An Aging Society with Fewer Children

(March 2020)

In 2019, the number of babies born in Japan dropped below 900 thousand for the first time since the end of World War II. The current birth rate is hovering around 1.45, and if this level continues, the population of Japan will gradually decline and dip below 100 million people by 2053. (Currently, 128 million)

On the other hand, Japanís society is rapidly aging. The percentage over 65 years old is 28, or around 36 million people, and those over 75 years of age is 14%, or around 18 million people.

In a quickly aging society with fewer children, Japan will be deprived of its vitality, which will lead to a decline of industry, and unsustainability of medical care system, elderly care and pension systems. In particular, the government expenditure for social security has been expanding and has reached around 43 trillion yen for 2019, while tax revenues account for about 60 trillion yen.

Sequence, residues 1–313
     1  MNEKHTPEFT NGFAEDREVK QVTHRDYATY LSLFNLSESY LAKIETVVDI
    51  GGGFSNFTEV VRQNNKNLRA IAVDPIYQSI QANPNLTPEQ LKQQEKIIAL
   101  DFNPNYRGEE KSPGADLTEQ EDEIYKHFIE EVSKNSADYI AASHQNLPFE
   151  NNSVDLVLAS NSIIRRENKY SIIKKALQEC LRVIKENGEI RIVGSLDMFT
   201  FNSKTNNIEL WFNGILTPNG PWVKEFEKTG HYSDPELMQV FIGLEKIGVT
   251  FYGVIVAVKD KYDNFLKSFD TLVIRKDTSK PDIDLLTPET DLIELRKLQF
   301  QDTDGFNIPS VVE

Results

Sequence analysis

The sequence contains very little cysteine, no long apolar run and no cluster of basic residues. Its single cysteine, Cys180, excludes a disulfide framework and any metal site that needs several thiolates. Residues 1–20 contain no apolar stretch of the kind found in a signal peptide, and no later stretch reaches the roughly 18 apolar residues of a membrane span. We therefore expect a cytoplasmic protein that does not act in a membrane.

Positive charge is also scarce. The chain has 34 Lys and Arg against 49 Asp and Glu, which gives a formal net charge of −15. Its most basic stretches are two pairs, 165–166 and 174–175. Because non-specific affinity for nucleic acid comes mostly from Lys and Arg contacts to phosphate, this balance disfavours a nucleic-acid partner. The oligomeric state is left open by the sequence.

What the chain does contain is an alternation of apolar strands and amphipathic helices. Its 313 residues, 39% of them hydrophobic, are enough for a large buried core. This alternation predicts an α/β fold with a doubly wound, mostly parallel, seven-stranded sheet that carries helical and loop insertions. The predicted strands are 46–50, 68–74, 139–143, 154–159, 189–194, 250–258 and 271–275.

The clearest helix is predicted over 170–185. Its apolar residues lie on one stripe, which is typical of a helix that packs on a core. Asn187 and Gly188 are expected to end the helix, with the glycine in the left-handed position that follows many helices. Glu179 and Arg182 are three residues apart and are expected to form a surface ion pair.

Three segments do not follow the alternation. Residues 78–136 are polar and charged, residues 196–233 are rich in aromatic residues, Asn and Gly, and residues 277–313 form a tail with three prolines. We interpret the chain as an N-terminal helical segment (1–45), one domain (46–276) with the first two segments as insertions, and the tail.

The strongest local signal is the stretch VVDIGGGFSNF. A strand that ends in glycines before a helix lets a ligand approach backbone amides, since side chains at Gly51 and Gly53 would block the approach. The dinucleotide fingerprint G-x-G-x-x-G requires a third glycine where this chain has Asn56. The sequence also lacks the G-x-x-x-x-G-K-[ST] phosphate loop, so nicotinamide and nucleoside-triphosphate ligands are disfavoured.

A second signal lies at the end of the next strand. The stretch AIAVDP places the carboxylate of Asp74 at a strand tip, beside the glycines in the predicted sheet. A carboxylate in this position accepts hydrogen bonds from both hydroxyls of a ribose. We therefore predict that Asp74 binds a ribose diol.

As a consequence, an aging society has imposed tremendous pressure to government finances. In order to secure sources of revenue, the Abe administration raised the consumption tax rate from 5% to 10% over the last five years. This has enabled the government to secure 14 trillion yen in tax revenues. However, despite the tax hike, the government expenditure for social security will further increase year on year, since society is rapidly aging.

As for the countermeasures against the declining birth rate, the Abe administration approved free education for children (3-5 years), as well as for private senior high school students and university students whose parents are classified as low income. Elementary school to junior high school is compulsory in Japan, and public senior high schools have been free since 2011.

The government has to research the causes of the declining of birth rate from various viewpoints such as economy, working styles, parental support, and so forth. Generally speaking, it is said that sluggish growth of real wages, shortages in nursery schools and teachers, increases in female workers with advanced academic backgrounds with a tendency to get married later in life, heavy burdens for education, and so on. This issue need to be addressed not only by the government, but also by the private sector to create a society where younger generation can get married and have children.

By Yuzuru Takeuchi